“Movies don’t create psychos. Movies make psychos more creative!” – Billy Loomis
All the way back in 1996, Wes Craven came up with an idea that would not only change pop culture of that era but for all time. Scream, while at its surface is just another slasher, it’s the self awareness the franchise possesses that has allowed it to endure. 26 years later the fifth installment has turned in on itself entirely. Like Cyberdyne Systems becoming self-aware, the characters of the Scream franchise have become aware of their own horror universe. Complete with its own horror franchise within the story of Scream, entitled Stab (and the subsequent sequels), the characters have come full circle and realized that their in-movie reality has become the focus of a string of serial murders based on a film franchise which is of course based on real murders within the Scream stories. Talk about meta.
The thing about meta is that it’s quite popular at the moment. In fact we don’t have to look back far at all to see meta in full force but also that blind meta isn’t without its failures. The Matrix Resurrections is a prime example of unfettered self-awareness acting like Icarus and flying too close to the sun for its own good. While it had its fair share of wonderful “ah ha!” moments, The Matrix Resurrections goes way too heavy on the “remember this” path as it incessantly references the original film hoping you won’t look too closely at everything else that just doesn’t work about the movie as a whole.
The directors of Ready or Not, Matt Bettinelli-Olpin and Tyler Gillett, helm this latest entry of Scream fully aware that five movies deep into any franchise requires some serious finessing to make it not only entertaining but relevant to the times. Especially if that franchise has taken nearly thirty years to reach number five. Thirty years is a long time and things most definitely have changed since the mid-90’s.
Much of what I want to bring up about this installment is actually discussed in the movie itself. What works about it all is the combination of new and old meeting to create not just the present story but to set the stage for potential future stories this franchise still may have left to tell. It works as a sort of baton being passed from the “legacy” characters to the new people whose connections to the past force their participation in yet another hellish game of “what’s your favorite scary movie?”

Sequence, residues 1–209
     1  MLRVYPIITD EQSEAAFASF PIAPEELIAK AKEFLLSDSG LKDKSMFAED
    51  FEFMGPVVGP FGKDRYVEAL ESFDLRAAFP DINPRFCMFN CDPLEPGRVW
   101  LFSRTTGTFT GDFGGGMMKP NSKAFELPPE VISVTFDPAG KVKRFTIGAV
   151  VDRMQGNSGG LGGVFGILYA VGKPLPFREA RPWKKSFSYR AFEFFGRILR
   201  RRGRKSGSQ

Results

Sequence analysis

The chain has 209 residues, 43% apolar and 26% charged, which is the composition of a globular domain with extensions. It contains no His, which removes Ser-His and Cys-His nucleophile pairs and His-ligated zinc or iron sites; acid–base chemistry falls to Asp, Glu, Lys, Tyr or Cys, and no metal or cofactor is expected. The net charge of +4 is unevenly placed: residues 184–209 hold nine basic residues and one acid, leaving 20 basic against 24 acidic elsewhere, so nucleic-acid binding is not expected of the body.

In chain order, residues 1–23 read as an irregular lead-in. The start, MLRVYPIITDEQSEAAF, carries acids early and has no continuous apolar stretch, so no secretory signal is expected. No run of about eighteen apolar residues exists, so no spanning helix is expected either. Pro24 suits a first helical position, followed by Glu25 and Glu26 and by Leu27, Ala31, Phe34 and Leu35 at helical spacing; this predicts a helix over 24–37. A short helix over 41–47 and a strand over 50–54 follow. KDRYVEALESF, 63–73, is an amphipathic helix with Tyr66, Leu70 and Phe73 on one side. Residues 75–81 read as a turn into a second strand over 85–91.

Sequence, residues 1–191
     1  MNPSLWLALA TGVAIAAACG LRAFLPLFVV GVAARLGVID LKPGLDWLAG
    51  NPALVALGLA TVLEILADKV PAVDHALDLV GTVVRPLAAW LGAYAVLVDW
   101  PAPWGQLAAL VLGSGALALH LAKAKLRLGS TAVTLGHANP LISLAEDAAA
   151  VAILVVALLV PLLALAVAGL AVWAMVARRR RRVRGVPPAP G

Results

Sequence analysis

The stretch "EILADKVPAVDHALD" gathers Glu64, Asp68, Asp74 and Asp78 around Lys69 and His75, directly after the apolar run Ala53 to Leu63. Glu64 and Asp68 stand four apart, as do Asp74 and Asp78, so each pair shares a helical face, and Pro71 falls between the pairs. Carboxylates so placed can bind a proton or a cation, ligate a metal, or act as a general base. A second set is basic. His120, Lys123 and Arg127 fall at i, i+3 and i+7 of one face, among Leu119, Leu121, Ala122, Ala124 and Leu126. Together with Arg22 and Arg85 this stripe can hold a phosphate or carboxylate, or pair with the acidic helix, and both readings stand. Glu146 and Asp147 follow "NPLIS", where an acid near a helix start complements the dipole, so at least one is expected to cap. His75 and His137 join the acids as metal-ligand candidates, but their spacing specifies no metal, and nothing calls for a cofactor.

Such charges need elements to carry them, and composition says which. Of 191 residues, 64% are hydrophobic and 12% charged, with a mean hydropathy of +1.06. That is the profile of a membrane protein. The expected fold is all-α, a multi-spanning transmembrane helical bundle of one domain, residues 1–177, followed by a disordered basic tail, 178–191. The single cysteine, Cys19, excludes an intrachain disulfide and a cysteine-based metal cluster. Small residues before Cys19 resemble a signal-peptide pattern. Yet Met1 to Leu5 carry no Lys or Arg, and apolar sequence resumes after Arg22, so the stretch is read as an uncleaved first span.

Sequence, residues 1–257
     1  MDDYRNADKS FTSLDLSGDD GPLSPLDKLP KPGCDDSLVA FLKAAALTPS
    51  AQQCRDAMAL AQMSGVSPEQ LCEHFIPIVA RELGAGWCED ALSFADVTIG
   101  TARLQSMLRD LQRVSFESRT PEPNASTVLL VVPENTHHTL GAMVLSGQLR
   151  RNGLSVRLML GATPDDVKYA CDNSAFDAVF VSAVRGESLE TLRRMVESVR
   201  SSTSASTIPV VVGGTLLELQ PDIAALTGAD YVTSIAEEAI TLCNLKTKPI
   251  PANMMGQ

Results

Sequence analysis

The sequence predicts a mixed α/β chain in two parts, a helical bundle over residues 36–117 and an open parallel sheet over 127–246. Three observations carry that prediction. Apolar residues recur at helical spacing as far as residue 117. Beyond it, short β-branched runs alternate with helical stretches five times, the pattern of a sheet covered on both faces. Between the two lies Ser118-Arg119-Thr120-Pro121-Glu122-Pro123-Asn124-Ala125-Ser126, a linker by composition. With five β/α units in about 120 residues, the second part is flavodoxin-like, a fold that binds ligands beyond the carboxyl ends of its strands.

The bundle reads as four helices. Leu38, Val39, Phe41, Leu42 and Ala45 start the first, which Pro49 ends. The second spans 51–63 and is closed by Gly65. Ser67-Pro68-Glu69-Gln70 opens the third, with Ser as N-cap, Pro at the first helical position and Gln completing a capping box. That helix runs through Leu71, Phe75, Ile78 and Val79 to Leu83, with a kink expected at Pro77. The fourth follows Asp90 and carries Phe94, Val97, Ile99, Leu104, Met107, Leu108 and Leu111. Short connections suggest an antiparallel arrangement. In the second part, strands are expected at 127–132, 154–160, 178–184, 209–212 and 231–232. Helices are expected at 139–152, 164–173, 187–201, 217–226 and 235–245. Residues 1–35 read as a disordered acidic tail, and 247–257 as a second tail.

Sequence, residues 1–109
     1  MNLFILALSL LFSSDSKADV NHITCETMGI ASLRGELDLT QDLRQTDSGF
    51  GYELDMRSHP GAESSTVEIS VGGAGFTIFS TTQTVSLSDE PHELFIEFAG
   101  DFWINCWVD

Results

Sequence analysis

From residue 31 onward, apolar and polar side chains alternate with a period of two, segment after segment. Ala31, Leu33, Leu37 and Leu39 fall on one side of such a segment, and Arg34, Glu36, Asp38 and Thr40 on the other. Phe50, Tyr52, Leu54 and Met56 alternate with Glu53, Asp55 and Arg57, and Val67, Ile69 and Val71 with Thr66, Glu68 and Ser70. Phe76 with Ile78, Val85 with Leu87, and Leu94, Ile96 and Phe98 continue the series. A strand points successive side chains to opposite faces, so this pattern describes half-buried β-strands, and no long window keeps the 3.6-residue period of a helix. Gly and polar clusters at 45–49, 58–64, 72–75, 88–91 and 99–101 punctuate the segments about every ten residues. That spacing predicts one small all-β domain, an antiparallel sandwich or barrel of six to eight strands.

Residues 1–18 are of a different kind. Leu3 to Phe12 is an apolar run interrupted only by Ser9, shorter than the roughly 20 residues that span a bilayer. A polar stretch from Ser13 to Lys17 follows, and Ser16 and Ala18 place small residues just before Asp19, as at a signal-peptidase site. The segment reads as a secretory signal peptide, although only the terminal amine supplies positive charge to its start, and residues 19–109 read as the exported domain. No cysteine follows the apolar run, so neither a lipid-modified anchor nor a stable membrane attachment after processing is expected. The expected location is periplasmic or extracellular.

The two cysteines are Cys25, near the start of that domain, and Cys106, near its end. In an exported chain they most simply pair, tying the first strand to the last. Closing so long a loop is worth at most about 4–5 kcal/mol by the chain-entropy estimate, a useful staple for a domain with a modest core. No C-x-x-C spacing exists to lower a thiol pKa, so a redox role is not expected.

The creators of this new vision do what Resurrections did but in a much more focused manner. They are fully aware of the original story and the impact of those characters on the present day killings. They use our knowledge of everything that’s come before to either deliver something we recognize, a sort of call back, or they use it to circumvent our expectations to create a more surprising encounter. They want us to remember in hopes of surprising us with something that changes the rules these characters have lived by for four films now. Don’t do this, always do this and never go here. These basic rules established so famously in the original are put to the test and oftentimes never find their footing as they once did. By that I mean any and all rules can be thrown out. This is a new era where anything goes and no one is safe because anyone could be the killer.
An important part of any good horror movie is likable characters. One of the best ways to make characters endearing to any audience is to make them smart. Now this doesn’t mean they won’t make mistakes as any human does but with an intelligent cast of characters it forces the story around them to adapt into something more compelling than simply people getting stabbed by a killer. You’ve seen that, we’ve all seen that and it’s been done to death (pun).
The creators of this movie have fully realized the brilliance of Wes Craven’s intentions with this franchise and have manufactured a new film that beyond simply existing adds to the overall mythos of Ghostface and his or her vengeance against whatever particular set of teens or young adults that happen to be inhabiting the cursed town of Woodsboro, California. Seriously, they need to burn that town down. It’s becoming a bit like Derry from IT where everyone is dying and no one seems to be doing anything about it. The characters aren’t without their shortcomings but they inhabit their situation aware of what’s happened in the past and how that will dictate their present and hopeful future. They use this knowledge to the best of their abilities to navigate a world where any one of them could be the boogeyman. It was a surprise for me as well but the fifth film in the Scream franchise just might be the smartest and most entertaining one yet.
Scream (5) is a sequel done right. It manages its own story while incorporating what has come before it. It combines new and old to make something viable for a new generation and for the legacy audience members still willing to take another ride into Woodsboro after all this time. It moves on while paying homage and respect to its predecessors. As someone who has enjoyed this franchise but never fully invested that much of my time or thought into it, this newest installment has piqued my interest and left me with a desire to see what comes next. For once, in a franchise this deep into its library, I genuinely hope there’s a next.
Rated R For: strong bloody violence, language throughout and some sexual references
Runtime: 114 minutes
After Credits Scene: No
Genre: Horror, Mystery, Thriller
Starring: Neve Campbell, Courteney Cox, David Arquette, Melissa Barrera
Directed By: Matt Bettinelli-Olpin and Tyler Gillett
Out of 10 Nerdskulls
Story: 8.5/ Acting: 8/ Directing: 9/ Visuals: 8
OVERALL: 8.5 Nerdskulls
Buy to Own: Yes.
Check out the trailer below:
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